Paperback: 960 pages
Publisher: New Riders; 1 edition (November 3, 2003)
Product Dimensions: 7.4 x 1.8 x 9.1 inches
Shipping Weight: 3.5 pounds
Average Customer Review: 3.8 out of 5 stars See all reviews (14 customer reviews)
Best Sellers Rank: #743,912 in Books (See Top 100 in Books) #109 in Books > Computers & Technology > Games & Strategy Guides > Game Design #256 in Books > Textbooks > Computer Science > Object-Oriented Software Design #501 in Books > Computers & Technology > Hardware & DIY > Personal Computers
Most of the game-writing books you find will cover a little bit of everything Ã¢Â* some Windows programming, some C++ (or Java), some basic graphics knowledge, and a little bit about how to put it all together. My main complaints about those sorts of books is that much of it is not specific to games.This book covers a different set of topics. It isn't about the programming aspect, but about the entire development process. There are three sections:A. Game Design. As a non-professional game programmer, I found this section to be the most interesting. It covers things like game balance, skill levels, and making the parts of a game fit together nicely.B. Project Management. This section covers aspects of game development that hobbyists will find overkill, but that professionals will want to read. It includes both history and prescriptions for managing a project. Some of it seems to be excessively specific, like descriptions of exactly how teams "should" be structured, why you should not allow inflatable furniture at the office, and what signs you should look for to identify "problem" developers.C. Architecture. This section is a mix of stories about existing games and techniques to use when writing game code. It covers things like class hierarchies, state machines, game engines, design patterns, commenting style, whether you should use "goto", and other coding issues.The first section was great. I think most game developers (both hobbyist and professional) would find it interesting. I did not find the second section interesting, probably because I'm not involved in the industry.
In a nutshell, everyone in the games industry should read this book! It doesn't matter if you're a designer, programmer, artist or producer, a beginner or a veteran - if you don't find something in the book that justifies the asking price and time invested then either a) you're too stubborn to learn or b) why haven't you written your own book yet?OK, that's the good bit, and it's broad, so for the rest of the review I'll concentrate on the weaknesses that make it not quite perfect.Firstly, the name of the book is rather misleading. Whilst the book does contain some good advice on game architecture and game design, it is actually not what the majority of the book is about. A quick glance at the table of contents shows that there is a major section on project management, and actually that's what the majority of the architecture and design sections focus on to. Whilst there is some specific advice on techniques, algorithms or whatnot to add to your game, the main focus throughout is on developing an effective *process*. It's basically a manifesto for making better games. That's what makes the book so strong... the games industry is full of people with great ideas for games, and great programming skill etc, but as a rule we have the management skill of a dead slug. This book seeks to address that problem. Even if you're not at management level, the advice and ideas in the book will be very useful to you in your self-management, and hopefully will help you to streamline your team.That said, sometimes the ideas will be useful by giving you better ideas when you disagree with them.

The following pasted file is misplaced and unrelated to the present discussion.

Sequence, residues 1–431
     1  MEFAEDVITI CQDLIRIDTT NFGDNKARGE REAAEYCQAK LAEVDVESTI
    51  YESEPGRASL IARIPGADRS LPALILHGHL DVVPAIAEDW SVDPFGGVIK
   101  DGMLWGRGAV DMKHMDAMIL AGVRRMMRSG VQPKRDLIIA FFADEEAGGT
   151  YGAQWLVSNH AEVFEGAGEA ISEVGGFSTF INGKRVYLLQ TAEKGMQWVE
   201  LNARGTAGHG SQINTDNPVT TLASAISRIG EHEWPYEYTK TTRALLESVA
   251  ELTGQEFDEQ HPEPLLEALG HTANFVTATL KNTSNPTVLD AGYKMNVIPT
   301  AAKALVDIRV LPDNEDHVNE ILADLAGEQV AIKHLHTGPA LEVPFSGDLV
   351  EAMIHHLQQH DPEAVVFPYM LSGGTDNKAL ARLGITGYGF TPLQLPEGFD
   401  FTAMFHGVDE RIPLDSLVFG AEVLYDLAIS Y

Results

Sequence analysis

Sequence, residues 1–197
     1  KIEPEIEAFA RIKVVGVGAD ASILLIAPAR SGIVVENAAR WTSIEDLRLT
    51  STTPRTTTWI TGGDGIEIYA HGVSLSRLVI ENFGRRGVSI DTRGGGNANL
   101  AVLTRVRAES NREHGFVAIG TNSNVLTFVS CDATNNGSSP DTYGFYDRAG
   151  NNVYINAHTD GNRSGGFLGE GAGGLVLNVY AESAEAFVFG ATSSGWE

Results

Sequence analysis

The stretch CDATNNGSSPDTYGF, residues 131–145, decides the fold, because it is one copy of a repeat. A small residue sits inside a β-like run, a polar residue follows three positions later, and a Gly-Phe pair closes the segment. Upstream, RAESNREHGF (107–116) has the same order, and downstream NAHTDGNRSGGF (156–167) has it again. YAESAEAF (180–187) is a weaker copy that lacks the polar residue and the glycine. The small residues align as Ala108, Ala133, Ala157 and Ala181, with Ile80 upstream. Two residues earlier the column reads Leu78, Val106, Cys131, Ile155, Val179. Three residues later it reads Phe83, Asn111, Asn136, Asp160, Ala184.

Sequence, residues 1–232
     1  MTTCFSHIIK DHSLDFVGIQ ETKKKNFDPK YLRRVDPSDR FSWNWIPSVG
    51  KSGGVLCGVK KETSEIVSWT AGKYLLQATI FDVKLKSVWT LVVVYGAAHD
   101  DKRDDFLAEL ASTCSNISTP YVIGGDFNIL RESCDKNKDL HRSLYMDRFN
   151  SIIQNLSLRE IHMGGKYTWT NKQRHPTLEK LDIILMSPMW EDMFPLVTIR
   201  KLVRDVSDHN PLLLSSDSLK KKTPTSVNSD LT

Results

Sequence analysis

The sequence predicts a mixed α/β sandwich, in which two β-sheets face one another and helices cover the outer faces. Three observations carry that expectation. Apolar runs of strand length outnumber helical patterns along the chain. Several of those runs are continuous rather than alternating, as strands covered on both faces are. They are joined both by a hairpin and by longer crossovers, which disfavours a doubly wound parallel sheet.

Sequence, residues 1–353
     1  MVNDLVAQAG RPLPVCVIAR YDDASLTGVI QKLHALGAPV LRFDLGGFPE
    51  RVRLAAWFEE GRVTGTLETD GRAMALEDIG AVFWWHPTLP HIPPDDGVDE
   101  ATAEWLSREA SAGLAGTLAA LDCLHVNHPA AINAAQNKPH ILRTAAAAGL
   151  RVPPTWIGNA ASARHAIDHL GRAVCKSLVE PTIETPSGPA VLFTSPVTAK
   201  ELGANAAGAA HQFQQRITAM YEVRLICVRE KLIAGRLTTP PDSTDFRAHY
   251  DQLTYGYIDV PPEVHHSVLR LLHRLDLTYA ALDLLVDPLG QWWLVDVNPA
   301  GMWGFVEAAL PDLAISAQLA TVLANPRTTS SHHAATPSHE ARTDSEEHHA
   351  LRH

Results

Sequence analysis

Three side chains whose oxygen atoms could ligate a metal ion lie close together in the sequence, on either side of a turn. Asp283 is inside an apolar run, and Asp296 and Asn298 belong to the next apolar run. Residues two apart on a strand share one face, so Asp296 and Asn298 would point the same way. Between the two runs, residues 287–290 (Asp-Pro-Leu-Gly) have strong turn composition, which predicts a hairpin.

I began reading this book expecting to learn something about game programming and architecture but what I came out with was less about programming and specific technical advice (though there was some of that) and more about the process of creating games, including how someone might attempt to manage a game development project. Even though my expectations were not met I can honestly say that I was not disappointed. The book was very well written and thorough in many ways (e.g., project management, "what is a game?") and weak in others (e.g., programming tricks, guidelines).The first half of the book was dedicated to the process of creating games. The project management side of game creation. There are plenty of books about gaming programming with API X with Language Y. In my opinion these books are frequently unfulfilling because they concentrate on tiny details (such as a specific method in DirectX). Things you should be able to glean from help documentation such as the MSDN or user forums. They rarely show the larger picture. Game Architecture and Design introduced me to a side of game development I had never considered and this was easily the most interesting and well thought out portion of the book. I've often thought about what kind of game I would like to create but I never asked myself: What is a game? What makes a game fun? How do I design a game specification document? What sort of project management pitfalls might I come across and how can I void them? This book constantly asks these sorts of questions. Interestingly, while reading through this section I found myself asking the same questions when playing through some professional big budget games and found that even the professionals could have used this book to improve their games.